Big Data. The concept has grown from what we in the industry used to refer to as data management to become the darling of mainstream media. What has caught the media’s eye is the benefits companies can gain from mining customer data, and of course the privacy implications of data retention, mining and sharing.
“Look at how your business can know what your customers bought, how much they spend on average, where they live, the months in which they do the most shopping, and more, all to better serve them,” the pundits coo.
In fact, as you can read in David Rubinstein’s article on page 13, the company is building out the platform for what it’s calling “the intelligent integrated enterprise.” The example the company uses is of an online shopper looking to buy a basketball, and how an intelligent integrated enterprise can know if the customer wants it shipped or to pick it up at a partner location, or if he or she also might want to buy an air pump or a hoop, as well as all the other customer data the system collects. But further, this vision enables suppliers to talk to retailers, and for data to be exchanged between mobile devices as well as a back end.
Internet companies and retailers, despite the hype, are not the only organizations that use Big Data. Medical researchers, meteorologists, national security systems, insurers and so many more rely on the insights they can glean from the mountains of data they collect to keep moving toward their goals of curing disease, or predicting weather patterns, or tracking the movements of state enemies, or understanding the driving patterns of the young and old to prevent crashes.
This is what is attracting industry giants such as IBM, Microsoft and Oracle, along with the new, emerging NoSQL players, to create offerings that can store, mine, manipulate and present information from the constant stream of data flowing into these data repositories in a way that is actionable for an organization.
New tools for creating front-end business intelligence dashboards are cropping up, as are tools and languages that facilitate the Map/Reduce technique critical to responding to queries to massive amounts of data.
If you’re reading this and thinking, “That’s great, but I work at a small company, and we can’t be bothered with this,” then you’ve already doomed yourselves to a secondary position in your market. Whether you want to believe it or not, Big Data is here now, and many of the tools needed to “do” Big Data are battle-tested and ready to use today.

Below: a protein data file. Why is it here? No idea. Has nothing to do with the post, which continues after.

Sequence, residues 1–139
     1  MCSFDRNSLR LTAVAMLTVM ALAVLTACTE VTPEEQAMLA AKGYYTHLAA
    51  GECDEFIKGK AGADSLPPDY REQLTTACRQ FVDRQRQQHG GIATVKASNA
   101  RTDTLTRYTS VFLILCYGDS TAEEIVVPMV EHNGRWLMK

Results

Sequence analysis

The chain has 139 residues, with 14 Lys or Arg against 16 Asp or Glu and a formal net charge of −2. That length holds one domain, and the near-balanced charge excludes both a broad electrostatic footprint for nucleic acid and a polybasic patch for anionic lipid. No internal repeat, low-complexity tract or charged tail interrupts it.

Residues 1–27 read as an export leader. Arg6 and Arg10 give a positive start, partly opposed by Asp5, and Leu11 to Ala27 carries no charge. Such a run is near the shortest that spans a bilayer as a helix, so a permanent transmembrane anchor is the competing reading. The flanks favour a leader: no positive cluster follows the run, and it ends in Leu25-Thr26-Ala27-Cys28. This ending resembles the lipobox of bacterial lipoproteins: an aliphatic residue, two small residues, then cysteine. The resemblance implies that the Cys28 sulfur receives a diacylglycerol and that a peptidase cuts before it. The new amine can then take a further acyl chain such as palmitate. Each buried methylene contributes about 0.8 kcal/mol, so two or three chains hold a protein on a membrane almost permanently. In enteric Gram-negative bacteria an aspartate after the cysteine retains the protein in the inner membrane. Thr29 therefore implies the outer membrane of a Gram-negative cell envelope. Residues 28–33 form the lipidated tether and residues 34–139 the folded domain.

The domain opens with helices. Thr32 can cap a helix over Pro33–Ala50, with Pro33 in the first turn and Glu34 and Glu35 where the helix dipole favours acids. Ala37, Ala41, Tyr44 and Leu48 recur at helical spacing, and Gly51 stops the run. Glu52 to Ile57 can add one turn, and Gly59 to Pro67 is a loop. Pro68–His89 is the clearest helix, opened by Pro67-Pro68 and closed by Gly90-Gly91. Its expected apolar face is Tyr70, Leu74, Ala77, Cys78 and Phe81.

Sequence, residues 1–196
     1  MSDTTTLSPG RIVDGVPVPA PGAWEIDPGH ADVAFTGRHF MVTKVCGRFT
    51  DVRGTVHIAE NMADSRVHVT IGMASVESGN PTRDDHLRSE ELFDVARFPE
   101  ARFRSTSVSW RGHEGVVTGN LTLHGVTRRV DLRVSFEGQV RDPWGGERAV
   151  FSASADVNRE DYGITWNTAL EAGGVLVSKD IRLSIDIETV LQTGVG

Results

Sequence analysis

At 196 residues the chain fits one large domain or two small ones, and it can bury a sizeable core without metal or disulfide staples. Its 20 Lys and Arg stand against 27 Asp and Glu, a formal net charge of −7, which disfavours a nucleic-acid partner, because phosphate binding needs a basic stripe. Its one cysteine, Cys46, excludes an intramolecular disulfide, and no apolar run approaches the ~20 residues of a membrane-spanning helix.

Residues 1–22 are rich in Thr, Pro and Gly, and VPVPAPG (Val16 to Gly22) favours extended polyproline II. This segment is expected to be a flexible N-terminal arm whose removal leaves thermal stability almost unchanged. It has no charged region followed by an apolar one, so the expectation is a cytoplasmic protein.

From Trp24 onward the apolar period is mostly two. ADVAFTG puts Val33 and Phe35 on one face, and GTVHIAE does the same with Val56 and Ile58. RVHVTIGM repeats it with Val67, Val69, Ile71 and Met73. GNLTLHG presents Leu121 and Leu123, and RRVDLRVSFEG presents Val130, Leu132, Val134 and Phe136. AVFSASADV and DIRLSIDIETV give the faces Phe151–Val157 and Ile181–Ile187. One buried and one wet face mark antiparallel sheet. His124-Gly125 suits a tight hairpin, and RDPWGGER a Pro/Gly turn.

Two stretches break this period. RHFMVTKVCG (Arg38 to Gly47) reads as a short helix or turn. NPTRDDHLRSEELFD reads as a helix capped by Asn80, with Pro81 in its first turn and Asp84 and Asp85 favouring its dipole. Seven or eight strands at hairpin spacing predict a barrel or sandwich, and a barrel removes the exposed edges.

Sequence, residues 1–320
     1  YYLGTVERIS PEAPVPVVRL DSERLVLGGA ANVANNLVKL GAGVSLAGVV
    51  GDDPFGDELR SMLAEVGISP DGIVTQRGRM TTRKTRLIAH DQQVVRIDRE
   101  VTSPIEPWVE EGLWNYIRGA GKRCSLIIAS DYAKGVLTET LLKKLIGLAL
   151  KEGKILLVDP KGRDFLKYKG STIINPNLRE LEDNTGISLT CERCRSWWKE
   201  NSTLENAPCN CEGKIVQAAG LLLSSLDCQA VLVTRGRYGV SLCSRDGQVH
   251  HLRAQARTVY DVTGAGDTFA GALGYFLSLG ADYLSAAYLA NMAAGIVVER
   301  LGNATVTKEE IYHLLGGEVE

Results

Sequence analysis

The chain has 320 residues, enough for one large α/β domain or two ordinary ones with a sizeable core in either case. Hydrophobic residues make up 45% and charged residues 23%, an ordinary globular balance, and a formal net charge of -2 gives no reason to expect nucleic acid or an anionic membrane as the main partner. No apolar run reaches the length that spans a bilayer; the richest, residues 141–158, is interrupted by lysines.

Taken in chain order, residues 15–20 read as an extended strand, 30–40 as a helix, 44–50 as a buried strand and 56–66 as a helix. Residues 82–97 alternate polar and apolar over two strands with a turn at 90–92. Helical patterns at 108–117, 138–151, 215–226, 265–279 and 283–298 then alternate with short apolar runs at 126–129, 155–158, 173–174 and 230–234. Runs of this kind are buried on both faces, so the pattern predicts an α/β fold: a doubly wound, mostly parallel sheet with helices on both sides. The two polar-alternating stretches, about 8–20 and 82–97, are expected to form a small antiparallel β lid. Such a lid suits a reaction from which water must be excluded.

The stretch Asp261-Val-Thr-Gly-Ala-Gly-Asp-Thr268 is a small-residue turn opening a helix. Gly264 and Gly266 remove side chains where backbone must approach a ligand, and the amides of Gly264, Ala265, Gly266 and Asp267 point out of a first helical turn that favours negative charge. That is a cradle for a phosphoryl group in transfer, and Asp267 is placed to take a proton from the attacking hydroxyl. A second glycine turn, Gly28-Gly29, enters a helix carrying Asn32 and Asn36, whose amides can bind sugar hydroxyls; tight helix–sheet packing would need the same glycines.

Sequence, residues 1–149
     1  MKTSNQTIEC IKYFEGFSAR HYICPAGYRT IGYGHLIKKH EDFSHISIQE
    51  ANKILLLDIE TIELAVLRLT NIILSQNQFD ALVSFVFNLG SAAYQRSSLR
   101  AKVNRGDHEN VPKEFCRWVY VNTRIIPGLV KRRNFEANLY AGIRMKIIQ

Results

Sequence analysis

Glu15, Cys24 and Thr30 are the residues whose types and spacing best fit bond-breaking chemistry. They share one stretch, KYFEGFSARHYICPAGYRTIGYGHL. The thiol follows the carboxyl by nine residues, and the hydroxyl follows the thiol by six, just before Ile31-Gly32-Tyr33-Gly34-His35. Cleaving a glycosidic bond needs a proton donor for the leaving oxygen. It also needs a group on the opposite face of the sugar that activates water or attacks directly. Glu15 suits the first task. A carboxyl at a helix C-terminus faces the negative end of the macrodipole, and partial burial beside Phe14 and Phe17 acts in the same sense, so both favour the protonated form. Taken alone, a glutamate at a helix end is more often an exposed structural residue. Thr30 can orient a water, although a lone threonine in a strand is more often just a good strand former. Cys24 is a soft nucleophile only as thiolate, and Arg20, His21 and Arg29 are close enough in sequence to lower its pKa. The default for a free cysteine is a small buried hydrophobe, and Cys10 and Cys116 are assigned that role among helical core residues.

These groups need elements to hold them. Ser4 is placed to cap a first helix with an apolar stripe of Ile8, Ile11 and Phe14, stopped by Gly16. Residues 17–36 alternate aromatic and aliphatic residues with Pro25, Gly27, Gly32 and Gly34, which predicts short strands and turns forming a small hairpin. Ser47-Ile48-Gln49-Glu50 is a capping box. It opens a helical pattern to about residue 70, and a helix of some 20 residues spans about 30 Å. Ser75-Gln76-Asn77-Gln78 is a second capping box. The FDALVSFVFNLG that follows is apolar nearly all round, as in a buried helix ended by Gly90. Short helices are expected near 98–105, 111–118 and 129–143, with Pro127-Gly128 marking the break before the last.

So it behooves you to learn Hadoop, and Map/Reduce, and how to glean business intelligence you can put to use. That’s the only way to stay one step ahead and remain competitive in a world where your customer’s every move can be tracked, stored and mined for information that might help you reach him or her in ways that others cannot.
Crowd funding: Not only for consumers
The enterprise software industry has seen numerous licensing, funding, pricing and distribution models come and go. There was a time when all compilers were expensive, programming languages cost money, and databases could cost more than the gross national product of some African nations.
While database pricing hasn’t changed much, open-source business models have turned the software development process on its head. Instead of requiring two years and millions of dollars to make a product, one could now be pulled from the open-source shelf and repurposed into a commercial software offering.
Well, another shift, similar to that of open source, is coming. This shift is into the new realm of crowd funding. Sites like Kickstarter, Indiegogo and Petridish have given the teeming masses the role of venture capitalist. The model works particularly well for software, where investors (outside the Valley, anyway) can be mystified by the prospect of funding a software-development process.
Would Samsung, HP or NVIDIA have funded a VR headset in 2012? Didn’t that technology die in 1995?
Not according to the Oculus Rift, a VR headset funded by a Kickstarter campaign. What about an Android-based videogame console? Such a console in the Ouya was funded with millions of dollars on Kickstarter.
But crowd funding isn’t just for toys anymore. Last year, Chris Granger’s Light Table IDE was funded at more than US$316,000, all because developers loved his prototype for a slick, minimal integrated development environment for user interfaces. Elsewhere, Kickstarter has been a boon to embedded developers.
As of mid-April, the UDOO project was 52 days from completing its crowd-funding campaign on Kickstarter to build a combo single-board Linux computer/Arduino platform. Such developer-focused tools aren’t the norm yet on Kickstarter or other crowd-funding platforms, but they do appear frequently enough for us to give crowd funding the thumbs up.
This is a sustainable model, not a passing fad.